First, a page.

- providing a service with high levels of community investment (collective understanding and valuing of a program), ownership (the program is ‘ours’), and activation (high-level of community participation)
- health service leadership across partner organisations
- strengthening the Indigenous workforce.
A systematic review by Sivertsen et al (2020) highlighted the importance of continuity of care during the antenatal, pre- and postnatal periods towards successful maternal and infant health outcomes of Indigenous Australians. The study identified a lack of continuity of care in both urban and regional settings, especially those without dedicated Indigenous antenatal and birthing programs and interventions. The study found an urgent need to incorporate and extend care through to 2 years of age for successful health outcomes and a need for communities and health care services to provide appropriate and culturally safe care to support strategies for enhancing continuity (Sivertsen et al. 2020).
A longitudinal follow-up study conducted in 2019–20, which interviewed 14 non-Indigenous midwifery students or recent graduates from 2012–14, found that exposure to Indigenous content and community placement opportunities during training had a lasting impact on participants midwifery practice. Most former students reported feeling better prepared to provide culturally safe care, build respectful relationships and advocate for improved services for Aboriginal women (Thackrah et al. 2020).
A study by Brown et al (2015) investigated experiences of antenatal care in South Australia among 344 women who gave birth to an Indigenous baby between July 2011 and June 2013 (Brown et al. 2015). Women who received antenatal care that was consistent with their culture and needs were more likely to rate the services they received as ‘very good’ compared with women attending mainstream services. Only 36% of women receiving mainstream public care described their antenatal care as “very good” compared with 65% of women attending an Aboriginal Health Service, 63% of women receiving care from a metropolitan Aboriginal Family Birthing Program (AFBP), 54% of women attending a regional AFBP service, and 53% of women receiving care from a midwifery group practice.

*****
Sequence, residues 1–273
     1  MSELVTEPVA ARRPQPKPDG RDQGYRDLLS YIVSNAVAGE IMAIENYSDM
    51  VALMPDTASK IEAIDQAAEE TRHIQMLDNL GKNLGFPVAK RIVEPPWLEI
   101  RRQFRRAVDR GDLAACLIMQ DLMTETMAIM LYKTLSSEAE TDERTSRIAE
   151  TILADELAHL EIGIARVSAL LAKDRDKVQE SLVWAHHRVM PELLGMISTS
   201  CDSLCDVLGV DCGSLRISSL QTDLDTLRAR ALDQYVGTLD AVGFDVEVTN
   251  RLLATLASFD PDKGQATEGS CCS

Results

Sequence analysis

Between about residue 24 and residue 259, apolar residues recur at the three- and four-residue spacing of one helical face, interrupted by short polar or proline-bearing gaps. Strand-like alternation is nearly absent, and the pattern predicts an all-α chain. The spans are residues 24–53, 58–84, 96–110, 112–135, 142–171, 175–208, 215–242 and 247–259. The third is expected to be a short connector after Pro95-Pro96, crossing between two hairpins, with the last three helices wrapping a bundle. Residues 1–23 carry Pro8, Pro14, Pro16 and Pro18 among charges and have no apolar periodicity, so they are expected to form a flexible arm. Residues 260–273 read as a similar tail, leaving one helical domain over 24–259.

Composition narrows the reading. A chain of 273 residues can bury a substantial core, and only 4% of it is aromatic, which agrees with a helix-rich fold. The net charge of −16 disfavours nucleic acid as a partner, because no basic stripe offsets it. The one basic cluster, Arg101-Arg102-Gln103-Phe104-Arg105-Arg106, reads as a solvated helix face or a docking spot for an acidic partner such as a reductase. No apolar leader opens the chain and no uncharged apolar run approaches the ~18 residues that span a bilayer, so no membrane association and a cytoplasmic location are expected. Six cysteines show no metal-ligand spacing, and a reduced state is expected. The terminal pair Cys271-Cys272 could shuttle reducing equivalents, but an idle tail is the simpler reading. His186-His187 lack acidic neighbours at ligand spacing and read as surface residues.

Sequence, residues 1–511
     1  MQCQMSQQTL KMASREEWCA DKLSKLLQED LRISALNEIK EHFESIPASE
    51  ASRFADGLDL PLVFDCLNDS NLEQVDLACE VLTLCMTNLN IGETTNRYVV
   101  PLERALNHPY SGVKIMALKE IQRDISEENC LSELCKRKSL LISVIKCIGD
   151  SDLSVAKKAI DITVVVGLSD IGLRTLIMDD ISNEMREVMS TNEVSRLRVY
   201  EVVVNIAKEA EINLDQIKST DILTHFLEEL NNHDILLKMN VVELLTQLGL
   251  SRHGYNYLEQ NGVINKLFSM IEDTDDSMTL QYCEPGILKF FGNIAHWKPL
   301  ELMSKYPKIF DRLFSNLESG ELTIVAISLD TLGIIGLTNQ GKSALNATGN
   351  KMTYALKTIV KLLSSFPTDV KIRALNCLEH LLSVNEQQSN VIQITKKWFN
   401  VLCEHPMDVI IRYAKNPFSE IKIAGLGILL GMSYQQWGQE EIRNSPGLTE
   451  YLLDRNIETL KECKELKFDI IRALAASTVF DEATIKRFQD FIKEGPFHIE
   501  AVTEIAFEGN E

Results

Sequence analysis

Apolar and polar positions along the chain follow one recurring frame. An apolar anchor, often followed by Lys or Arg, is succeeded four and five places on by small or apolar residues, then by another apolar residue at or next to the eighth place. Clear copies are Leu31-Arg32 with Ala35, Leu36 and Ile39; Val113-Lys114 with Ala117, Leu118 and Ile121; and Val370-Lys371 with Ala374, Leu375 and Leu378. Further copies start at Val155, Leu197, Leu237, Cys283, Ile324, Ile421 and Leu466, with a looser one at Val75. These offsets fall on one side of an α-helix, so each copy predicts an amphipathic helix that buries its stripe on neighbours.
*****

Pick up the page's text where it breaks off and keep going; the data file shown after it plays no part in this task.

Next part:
A study by Brown et al (2016) drew on the same data to investigate women’s access to antenatal care by geography. Mothers of Indigenous babies who attended regional AFBP services were more likely to access antenatal care in the first trimester and markedly more likely to attend 5 visits during pregnancy than those receiving mainstream regional services. Women receiving these services in urban areas were also more likely to attend at least 5 visits compared with those attending mainstream regional services (Brown et al. 2016).
Many factors have been identified that influence an Indigenous Australian woman’s engagement with, and early presentation for, antenatal care including the availability of culturally appropriate services, the frequency (or absence) of local clinics, transport, and educational, socioeconomic and financial issues (Arnold et al. 2009; de Costa & Wenitong 2009). A study of the geographic access for Indigenous women of child‑bearing age (15–44 years) to maternal health services found that poorer access to Indigenous-specific primary health care services with maternal/antenatal services was associated with higher rates of smoking and low birthweight (AIHW 2017).
A suite of evaluations has been published across Australia on programs to improve the delivery of antenatal services to Indigenous Australian women with the intent of improving birth outcomes. The Clinical Practice Guidelines—Pregnancy Care (2020 edition, outlines evidence of successful models of care from these evaluations specifically tailored for Indigenous Australian women, such as the Aboriginal Maternity Group Practice Program (AMGPP); Aboriginal Family Birthing Program (AFBP); and the Aboriginal Maternal and Infant Health Service (AMIHS) (Bertilone C. & McEvoy 2015; Bertilone C M et al. 2017; Department of Health 2020; Middleton et al. 2017; Murphy & Best 2012). These programs highlight the importance of culturally appropriate and safe care as well as continuity of care, collaboration between midwives and Indigenous health workers, and the role of family members such as grandmothers in positively influencing maternal healthy lifestyle behaviours during pregnancy and attendance at care sessions (Department of Health 2020). These practices can have quantifiable improvements in antenatal care attendance, pre-term births, birth outcomes, perinatal mortality, and breastfeeding practice.